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Weeks after blasting Baltimore as rodent-infested, Trump to pay a visit to Charm City

Protests are organized for this weekend during the House Republicans conference and President Donald Trump's visit to Baltimore.

President Donald Trump, who disparaged Baltimore this summer as more deadly than Afghanistan and “disgusting, rat and rodent infested,” is coming to town Thursday afternoon.

The 45th president’s visit has the potential to snarl rush-hour traffic downtown. It’s also motivating protesters, who are using the visit to advocate against a variety of injustices, from racism to climate change.

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Why is Trump coming to Baltimore if he thinks it’s so awful?

The occasion for Trump’s visit is a retreat by Republican members of the U.S. House of Representatives.

The members of Congress are meeting from Thursday through Saturday at the Baltimore Marriott Waterfront hotel in Harbor East.

Presidents often visit congressional retreats, and Trump spoke at the last two Republican events.

The retreat was originally planned for January in West Virginia, but was postponed due to a partial federal government shutdown at the time. Organizers picked Baltimore before Trump spent several days in July blasting the city on social media and when talking with reporters and his supporters.

What exactly did Trump say about Baltimore?

The Republican president says a lot of things on Twitter, but his late July comments stung Baltimore residents and the city’s boosters.

On July 27, Trump blasted U.S. Rep. Elijah Cummings, a Baltimore Democrat who leads a congressional committee that is conducting several investigations into the president.

Trump tweeted that Cummings’ district — which includes much of Baltimore, but also large swaths of the suburbs — is “considered the worst run and the most dangerous anywhere in the United States. No Human being would want to live there.” Trump also said the district is “a disgusting, rat and rodent infested mess.”

Trump doubled down on his comments in subsequent days, alleging that billions of dollars in federal aid to the city has been “wasted” and “stolen." City officials disputed that claim. Trump never offered evidence, and the White House responded to questions by offering a list of unrelated city corruption scandals, such as former Democratic Mayor Catherine Pugh’s deals to sell her children’s books to a major hospital system and companies that do business with the city.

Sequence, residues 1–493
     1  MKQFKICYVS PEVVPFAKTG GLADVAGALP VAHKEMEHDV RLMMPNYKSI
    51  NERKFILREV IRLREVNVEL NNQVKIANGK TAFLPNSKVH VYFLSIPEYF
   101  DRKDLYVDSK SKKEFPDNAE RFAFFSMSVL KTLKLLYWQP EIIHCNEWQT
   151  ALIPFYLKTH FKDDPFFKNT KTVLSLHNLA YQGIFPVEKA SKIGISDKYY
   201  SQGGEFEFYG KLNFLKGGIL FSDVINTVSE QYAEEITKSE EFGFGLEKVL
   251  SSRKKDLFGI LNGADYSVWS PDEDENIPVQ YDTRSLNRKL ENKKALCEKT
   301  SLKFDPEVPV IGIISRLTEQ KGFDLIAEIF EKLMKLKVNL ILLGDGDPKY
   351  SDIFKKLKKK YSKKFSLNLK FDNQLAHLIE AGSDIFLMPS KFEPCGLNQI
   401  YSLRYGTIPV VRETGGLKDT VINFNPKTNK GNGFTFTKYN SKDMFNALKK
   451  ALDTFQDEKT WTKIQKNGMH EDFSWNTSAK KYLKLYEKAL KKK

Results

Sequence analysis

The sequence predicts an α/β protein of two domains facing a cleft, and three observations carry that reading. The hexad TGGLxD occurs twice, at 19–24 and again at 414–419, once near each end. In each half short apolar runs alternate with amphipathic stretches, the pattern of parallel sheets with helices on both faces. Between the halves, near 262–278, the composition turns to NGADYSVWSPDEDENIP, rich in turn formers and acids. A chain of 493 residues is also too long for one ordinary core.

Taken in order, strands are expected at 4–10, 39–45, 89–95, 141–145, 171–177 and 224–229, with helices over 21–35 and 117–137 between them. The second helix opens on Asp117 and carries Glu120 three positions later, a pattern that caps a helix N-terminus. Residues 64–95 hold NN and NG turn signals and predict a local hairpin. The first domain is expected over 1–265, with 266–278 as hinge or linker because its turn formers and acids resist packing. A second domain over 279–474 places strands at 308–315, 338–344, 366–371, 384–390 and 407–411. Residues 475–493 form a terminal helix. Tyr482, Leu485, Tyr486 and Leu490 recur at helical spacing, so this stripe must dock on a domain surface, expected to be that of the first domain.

When is Trump arriving?

Neither the White House nor city officials have provided a timeline of the president’s arrival. Republican retreat organizers have said Trump will give a dinner speech.

City transportation officials warn authorities may close intersections periodically and there will be heavy traffic downtown between 4 p.m. and 8 p.m. Thursday. In a warning Thursday morning, city officials said drivers should essentially avoid all of downtown. They defined the area as all streets south of Baltimore Street, between Martin Luther King Jr. Boulevard on the west side and Central Avenue in Little Italy.

Downtown workers are encouraged to leave for home before 4 p.m.

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The president’s visit coincides with a home Orioles game against the Los Angeles Dodgers, with first pitch at 7:05 p.m. While the 46-98 Orioles aren’t drawing huge crowds, more than 11,000 fans attended Wednesday’s game.

Baseball fans are encouraged to take MTA buses or the light rail to Thursday’s game.

Are there going to be protests?

Yes, there are going to be several protests in the coming days, starting with a demonstration at the Christopher Columbus statue in Harbor East at 4 p.m. Thursday.

Protest organizers, who call themselves the “Baltimore Welcoming Committee,” say they are motivated by both general opposition to Republican policies and specific anger at Trump’s tirade against the city.

Andre Powell of the Peoples Power Assembly said he immediately knew he wanted to protest the Republican retreat when he learned it would be coming to the city. Finding out Trump would attend, too, “gives it an extra kick.”